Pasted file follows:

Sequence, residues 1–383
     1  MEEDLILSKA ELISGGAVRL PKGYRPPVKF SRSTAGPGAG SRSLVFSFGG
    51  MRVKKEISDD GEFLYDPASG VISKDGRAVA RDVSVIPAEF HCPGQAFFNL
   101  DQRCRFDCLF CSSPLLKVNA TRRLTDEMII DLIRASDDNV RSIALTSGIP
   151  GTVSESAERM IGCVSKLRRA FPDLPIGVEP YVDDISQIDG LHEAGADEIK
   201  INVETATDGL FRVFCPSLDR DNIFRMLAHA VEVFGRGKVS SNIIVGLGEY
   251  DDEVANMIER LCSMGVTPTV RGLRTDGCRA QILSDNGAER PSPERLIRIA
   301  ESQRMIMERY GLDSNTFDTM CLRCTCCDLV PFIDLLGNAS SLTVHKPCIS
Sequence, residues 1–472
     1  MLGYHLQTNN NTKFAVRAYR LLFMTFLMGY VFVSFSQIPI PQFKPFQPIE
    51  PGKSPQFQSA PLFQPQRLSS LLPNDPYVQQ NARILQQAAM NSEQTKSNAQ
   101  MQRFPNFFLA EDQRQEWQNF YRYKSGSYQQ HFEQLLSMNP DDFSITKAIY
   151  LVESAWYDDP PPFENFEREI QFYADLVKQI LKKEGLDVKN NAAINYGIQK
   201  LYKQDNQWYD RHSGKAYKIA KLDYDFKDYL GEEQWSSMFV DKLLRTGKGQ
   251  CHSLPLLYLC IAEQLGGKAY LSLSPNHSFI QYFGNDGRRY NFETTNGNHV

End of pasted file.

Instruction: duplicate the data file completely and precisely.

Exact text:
Sequence, residues 1–383
     1  MEEDLILSKA ELISGGAVRL PKGYRPPVKF SRSTAGPGAG SRSLVFSFGG
    51  MRVKKEISDD GEFLYDPASG VISKDGRAVA RDVSVIPAEF HCPGQAFFNL
   101  DQRCRFDCLF CSSPLLKVNA TRRLTDEMII DLIRASDDNV RSIALTSGIP
   151  GTVSESAERM IGCVSKLRRA FPDLPIGVEP YVDDISQIDG LHEAGADEIK
   201  INVETATDGL FRVFCPSLDR DNIFRMLAHA VEVFGRGKVS SNIIVGLGEY
   251  DDEVANMIER LCSMGVTPTV RGLRTDGCRA QILSDNGAER PSPERLIRIA
   301  ESQRMIMERY GLDSNTFDTM CLRCTCCDLV PFIDLLGNAS SLTVHKPCIS
Sequence, residues 1–472
     1  MLGYHLQTNN NTKFAVRAYR LLFMTFLMGY VFVSFSQIPI PQFKPFQPIE
    51  PGKSPQFQSA PLFQPQRLSS LLPNDPYVQQ NARILQQAAM NSEQTKSNAQ
   101  MQRFPNFFLA EDQRQEWQNF YRYKSGSYQQ HFEQLLSMNP DDFSITKAIY
   151  LVESAWYDDP PPFENFEREI QFYADLVKQI LKKEGLDVKN NAAINYGIQK
   201  LYKQDNQWYD RHSGKAYKIA KLDYDFKDYL GEEQWSSMFV DKLLRTGKGQ
   251  CHSLPLLYLC IAEQLGGKAY LSLSPNHSFI QYFGNDGRRY NFETTNGNHV